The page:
It's of Libyans, by Libyans, and for Libyans...!
Mao Zeding once opined that "a revolution is not a dinner party!" Revolutions, especially the ones to achieve the lofty goals stated by President Obama, therefore, by definition, are messy and unpredictable. However some of their traits remain universal: Revolts and uprisings have as much differences as they hold in common. What sparks them as unpredicatble as what keeps them going. Once under way their proceedings acquire a life of their own. Their momentums would wax and wane until they've reached a critical level only to explode all at once. Qaddafi's refusal to let go is one of those downs that would make whatever the uprisings have achieved so far seem to constitute the initial steps toward a prolonged stalemate. Therefore Libyans must steel themelves for what to come. The road ahead is toruous, difficult, and may get bumpy.
The 'Winter of Discontent' sweeping Libya has so far one thing going for it: It's a homegrown genuine people's revolution against an atrophied tin-pot dictator. Perhaps this is one of those few times in their long-short history, when Libyans have reached a disperate level to break the barrier of their fears. Thus they got out of their hovels and shacks in mass to confront their own kith and kin. Unlike Tunisia and Egypt, which have achieved some successes by overthrowing their dictators (though the rest of the regimes still well-entrenched) Libya's dictator, Qaddafi, still refuses to budge to the will of the people. Thus Ben Ali and Mubarak 's overthrow would appear to have gone relatively smoother and faster, in the face of Qaddafi's foolishness to hold tight. 42 years of Qaddafi's planning of how to avoid getting overthrown have brought him to the current slaughter.
Why Tunisia and Egypt have behaved the way they did while Libya does not is perhaps what makes of Libya a special and unique case in the chronologies of current revolutions sweeping the Arab World. Ben Ali and Mubarak, for instance, came to power by sly intrigues while Qaddafi took it by direct assault on the old regime. While the formers have kept the states they'd found almost intact, Qaddafi went beserk and destroyed what he'd found. Thus Tunisia and Egypt have kept their neo-colonial states with modicum of their institutions, military and some civic, Qaddafi has kept only the shells after discarding their contents. Hence, the institutions, in both Tunisia and Egypt, as we've seen, have helped dampening the rage of the dictators and thus withheld some of the lethal powers of their states. Instead Qaddafi has fallen in the hole he's been digging ever since he took power! The absence of institutions in Libya has only plunged the country into this unneceassary bloodshed and loss of life and property. Thus in cornering the dictator may only add to his desperation which in turn may put the country on the road to a protracted war of wills or call it: a low level of civil war.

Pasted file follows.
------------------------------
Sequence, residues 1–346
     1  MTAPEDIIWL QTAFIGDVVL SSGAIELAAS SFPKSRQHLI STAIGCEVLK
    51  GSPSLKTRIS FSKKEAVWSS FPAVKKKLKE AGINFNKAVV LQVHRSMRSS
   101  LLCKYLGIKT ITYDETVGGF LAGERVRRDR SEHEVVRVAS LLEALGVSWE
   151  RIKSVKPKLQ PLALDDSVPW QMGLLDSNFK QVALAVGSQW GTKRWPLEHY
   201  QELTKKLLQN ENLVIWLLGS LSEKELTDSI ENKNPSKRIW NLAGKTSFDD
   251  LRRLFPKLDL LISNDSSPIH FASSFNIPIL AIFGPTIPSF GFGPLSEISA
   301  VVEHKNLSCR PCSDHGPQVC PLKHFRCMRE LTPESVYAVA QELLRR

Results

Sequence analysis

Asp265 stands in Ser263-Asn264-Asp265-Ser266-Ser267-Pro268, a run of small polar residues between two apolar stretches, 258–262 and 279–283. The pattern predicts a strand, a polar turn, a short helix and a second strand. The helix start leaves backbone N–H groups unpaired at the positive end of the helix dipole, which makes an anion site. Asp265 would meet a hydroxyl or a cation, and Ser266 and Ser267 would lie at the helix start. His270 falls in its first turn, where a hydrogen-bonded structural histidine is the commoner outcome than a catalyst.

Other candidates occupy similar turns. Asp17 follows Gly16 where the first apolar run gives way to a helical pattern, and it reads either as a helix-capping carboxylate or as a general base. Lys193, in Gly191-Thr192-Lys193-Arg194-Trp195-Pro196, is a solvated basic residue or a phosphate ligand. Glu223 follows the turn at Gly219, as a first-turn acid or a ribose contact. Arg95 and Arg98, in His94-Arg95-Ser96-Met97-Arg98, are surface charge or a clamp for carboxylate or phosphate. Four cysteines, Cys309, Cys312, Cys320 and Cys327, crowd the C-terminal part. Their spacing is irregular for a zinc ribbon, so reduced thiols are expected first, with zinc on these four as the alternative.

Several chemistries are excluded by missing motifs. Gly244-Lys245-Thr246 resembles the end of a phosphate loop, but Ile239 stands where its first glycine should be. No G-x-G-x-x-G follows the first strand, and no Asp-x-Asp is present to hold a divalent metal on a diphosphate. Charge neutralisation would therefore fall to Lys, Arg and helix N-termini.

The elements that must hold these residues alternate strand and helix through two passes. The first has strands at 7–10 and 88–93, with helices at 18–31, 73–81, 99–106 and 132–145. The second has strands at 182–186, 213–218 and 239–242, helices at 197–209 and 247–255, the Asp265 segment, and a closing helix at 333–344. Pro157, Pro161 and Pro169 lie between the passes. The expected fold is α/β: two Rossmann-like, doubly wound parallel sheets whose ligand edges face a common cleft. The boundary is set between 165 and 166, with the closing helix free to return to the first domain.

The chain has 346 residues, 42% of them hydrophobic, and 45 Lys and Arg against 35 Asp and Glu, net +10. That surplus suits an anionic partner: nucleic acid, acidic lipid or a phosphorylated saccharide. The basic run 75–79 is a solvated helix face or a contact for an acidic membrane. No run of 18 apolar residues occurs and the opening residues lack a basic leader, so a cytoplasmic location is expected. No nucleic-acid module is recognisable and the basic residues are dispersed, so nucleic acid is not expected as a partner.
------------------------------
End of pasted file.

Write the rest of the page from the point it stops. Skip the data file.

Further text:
These dire prospects may prompt some people to call on the world community to intervene. But outside interventions are not without their problematic consequences: From the Balkans, to Iraq and Afghanistan, for not talking of Somalia and Sudan, foreign interventions, instead of ending the conflicts had worsened them further! Internationalizing the crisis risks widening the rift. And once foreing powers have put their claws on Libyan soil, Libyans will lose the say about their own country. Soon they'll find themselves under occupation! Far fetched? Don't exlcude it. For once Qaddafi is outsted will the nation-building stage start and that will take forever, if the country is ever going anywhere, given its tribal make-up. Remember 'Divide and rule' was never only a slogan! It's still the preferred and easiest tool to use by an outside power to dominate the scene, particularly in an inchaote and malleable societies as those in Iraq, Afghanistan, and Libya. Any outsider power will devise a strategy to put one tribe against the next, one region against the others, one notable against the rest of them, and so forth. Soon a fullblown internecine fratricides will end any hopes of settling the conflict. Just think of Iraq, Afghanistan and how long it'll take them to settle their scores, lick their pianful wounds and mend their torn social fabrics.
So while it's normal to fret and panic, the current hardships and scarifices have to be kept from getting worse. Those coordinating the uprisings have to take a deep breath and begin planning for the long haul. The next stage will be to pass from rage to responsibilty. More efforts will be needed to keep the momentum going even in the liberated areas. In the global village age whoever wins the hearts and minds of the public at large will win the contest. Whoever gets the sympathy of the mass media will dominate its airwaves. World public opinion, in normal times, may amount to not much, but in the current political crisis, as Libya's situation is, it becomes crucial. The pressure coming from the media in publicizing the regime's atrocities will further increase the isolation of the regime, and thus would trigger hopefully world governments to do their jobs by shunning the regime even further.
The battle must be directed, beyond the thugs of Qaddafi, to win the hearts and minds of Libyans. It's a war of wills against the propaganda. Never give the regime a reason to paint the revolution as the work of fifth columnists. No Chalabis, Allawis, Makkis, and the like must be emerge as the face of the revolution! Must be kept as collective as it could be. Insisting on the principle of no foreign intervention would keep the revolution patriotic and clean. And thus undermine the dictator's attempts to paint the revoltion otherwise. Moreover, it would have a better chance to persuade more folks of its cause, and hopefully, attract more people. ople to its side.